Author: Emily Thomas, English Online teacher
Whether we’re driving for pleasure, or just to get from A to B, we spend quite a lot of time behind the wheel, so in this blog I’m going to look at some expressions and idioms we use in British English to talk about driving.
1. Check your mirrors
There is a mantra we all learn from our driving instructors ‘Mirror Signal Manoeuvre’, so before you pull out of anywhere you need to ‘check your mirrors’ – which means looking in the rear view and wing mirrors for any dangers. “She didn’t check her mirrors before she reversed, so she hit the lamppost”
2. Back seat driver
As a driver you sit in the driver’s seat, your passengers sit in the passenger seat or the back seat. If any of these passengers start telling you how you should be driving the car, they are guilty of back seat driving: “I hate driving with my cousin, he’s such a terrible back seat driver. Once, he even tried to grab my steering wheel!”
3. Rev/stall your engine
Putting your foot on the accelerator while you are in neutral (not in gear) will cause your engine to rev. Engine revving is usually associated with ‘boy racers’ trying to be the fastest to pull away from the traffic lights: “Why is that idiot revving his engine??!! We’re in a 30 zone anyway.” The opposite, being in a high gear at low revs, will cause your engine to stall, which can be quite embarrassing: “I stalled in the middle of a busy junction, the guy behind me was leaning on his horn, it was awful”.
4. Take the back streets/Take the B roads
Most towns and cities have problems with heavy traffic, particularly during rush hour, when people are heading to and from work. To avoid getting stuck in traffic, drivers who know a city well will often take the back streets to avoid jams and busy junctions. This is a good idea, as long as you don’t get lost, or stuck in a confusing one-way system. Similarly, if you want to avoid motorway traffic, you can take the B roads – or smaller roads that go through towns – this can also be called taking the scenic route.
5. Hog the middle lane
Most motorways have three lanes – the first lane, inside or slow lane, and two overtaking lanes, otherwise known as the middle lane and the fast lane. If you stay in the middle lane, even when you are not overtaking, you may be accused of hogging the middle lane. This can make other drivers quite angry and cause them to try and undertake you by passing you on the inside lane, despite the fact that undertaking is obviously far more dangerous than middle lane hogging.
6. Cut someone up
Another example of poor driving is cutting someone up. This refers to changing lanes directly in front of another car, usually meaning the car behind has to slow down in order avoid a collision. This can happen on motorways, and also on roundabouts or any dual carriageway. “Did you see that guy? He totally cut me up, I really had to slam on the breaks!”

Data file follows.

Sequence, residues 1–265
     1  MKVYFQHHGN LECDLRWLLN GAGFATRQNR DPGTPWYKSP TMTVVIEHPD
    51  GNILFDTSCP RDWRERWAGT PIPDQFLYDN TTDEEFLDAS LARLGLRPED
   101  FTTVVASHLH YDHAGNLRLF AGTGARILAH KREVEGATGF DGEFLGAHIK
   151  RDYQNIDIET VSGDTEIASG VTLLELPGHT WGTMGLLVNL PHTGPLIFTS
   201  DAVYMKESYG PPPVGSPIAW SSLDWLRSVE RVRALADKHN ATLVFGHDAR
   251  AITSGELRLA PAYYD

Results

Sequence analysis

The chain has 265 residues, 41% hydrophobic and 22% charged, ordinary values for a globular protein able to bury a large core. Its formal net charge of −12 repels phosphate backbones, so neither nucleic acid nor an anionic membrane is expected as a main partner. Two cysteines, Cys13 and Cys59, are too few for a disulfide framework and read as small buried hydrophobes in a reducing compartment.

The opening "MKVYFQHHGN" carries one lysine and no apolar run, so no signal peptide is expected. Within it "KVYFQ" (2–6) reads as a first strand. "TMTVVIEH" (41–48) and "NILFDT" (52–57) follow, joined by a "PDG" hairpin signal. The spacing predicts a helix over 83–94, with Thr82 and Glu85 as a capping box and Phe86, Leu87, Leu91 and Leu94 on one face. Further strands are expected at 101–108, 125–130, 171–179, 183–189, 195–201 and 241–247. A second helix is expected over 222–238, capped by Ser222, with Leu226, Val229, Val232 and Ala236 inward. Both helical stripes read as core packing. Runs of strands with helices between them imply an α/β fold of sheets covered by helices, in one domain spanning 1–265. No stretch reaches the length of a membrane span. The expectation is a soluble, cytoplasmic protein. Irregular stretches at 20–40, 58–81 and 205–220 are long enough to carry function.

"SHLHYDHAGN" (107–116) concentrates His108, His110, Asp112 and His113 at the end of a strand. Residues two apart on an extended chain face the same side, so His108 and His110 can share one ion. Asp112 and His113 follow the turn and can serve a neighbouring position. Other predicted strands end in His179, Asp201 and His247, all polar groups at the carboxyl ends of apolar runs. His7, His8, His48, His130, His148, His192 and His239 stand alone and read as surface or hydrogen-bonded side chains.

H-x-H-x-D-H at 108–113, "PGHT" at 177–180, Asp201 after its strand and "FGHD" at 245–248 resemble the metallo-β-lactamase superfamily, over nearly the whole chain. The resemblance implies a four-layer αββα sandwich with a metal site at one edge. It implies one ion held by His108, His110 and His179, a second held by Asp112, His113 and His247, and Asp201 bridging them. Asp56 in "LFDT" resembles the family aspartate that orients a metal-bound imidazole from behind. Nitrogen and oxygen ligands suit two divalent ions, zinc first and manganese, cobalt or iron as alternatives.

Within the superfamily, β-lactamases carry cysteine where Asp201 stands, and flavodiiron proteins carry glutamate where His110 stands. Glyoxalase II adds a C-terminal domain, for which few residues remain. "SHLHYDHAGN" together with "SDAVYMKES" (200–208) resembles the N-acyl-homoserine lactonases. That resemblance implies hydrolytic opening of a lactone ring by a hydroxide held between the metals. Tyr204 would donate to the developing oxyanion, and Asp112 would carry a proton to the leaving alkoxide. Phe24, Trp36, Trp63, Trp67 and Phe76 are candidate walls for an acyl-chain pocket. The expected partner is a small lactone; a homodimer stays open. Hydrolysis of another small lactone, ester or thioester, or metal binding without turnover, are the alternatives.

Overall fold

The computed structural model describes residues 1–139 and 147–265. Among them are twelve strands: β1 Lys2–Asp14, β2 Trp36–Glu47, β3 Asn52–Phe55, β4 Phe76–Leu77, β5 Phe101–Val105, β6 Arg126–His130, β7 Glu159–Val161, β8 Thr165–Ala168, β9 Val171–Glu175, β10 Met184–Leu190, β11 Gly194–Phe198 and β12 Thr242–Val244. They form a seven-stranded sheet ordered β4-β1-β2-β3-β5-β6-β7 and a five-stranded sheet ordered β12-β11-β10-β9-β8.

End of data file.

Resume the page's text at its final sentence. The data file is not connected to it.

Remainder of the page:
7. Run the lights
In the UK the traffic lights go from red to amber and red to green, and then from green to amber to red. As the lights turn amber drivers are supposed to take this signal to slow down and stop; some drivers, however, will do the opposite and speed up to try and get through the lights before they turn red. This is known as running the lights. If the light has actually turned red, then they’re running a red light – this is risky these days as many junctions have cameras and running a red light can land you with a fine!
8. Tailgating & rear-ending
Yet another example of poor driving practice is tailgating. Very simply, this means driving too close to the car in front, leaving very little breaking distance. Tailgating can easily result in rear-ending, where the car behind hits the back of the car in front. “I got rear-ended by this woman who had been tailgating me all through town, I was so annoyed!”
9. Get pulled over
All of this bad behaviour – and we haven’t even mentioned speeding! – might lead to getting stopped by the police, this is usually referred to as being, or getting, pulled over. “I was pulled over last night when I was driving home, they wanted to breathalyse me. I thought I’d done something wrong, but it turns out they were just doing random tests”.
10. Pay at pump/meter
Finally, a couple of expressions related to paying for fuel and parking. These days most petrol stations will give you the option to ‘pay at pump’, rather than going to the cashier. Likewise, on-street parking or car parks might have signs telling you to ‘pay at meter’, in towns and cities, most on-street parking on main roads is metered, so make sure you have a look for these signs, otherwise you might end up with a dreaded parking ticket.
I hope I haven’t put you off driving in the UK – British drivers are quite well-behaved on the whole! But at least you now you have lots of expressions to complain about bad driving if you do happen to come across it on the roads!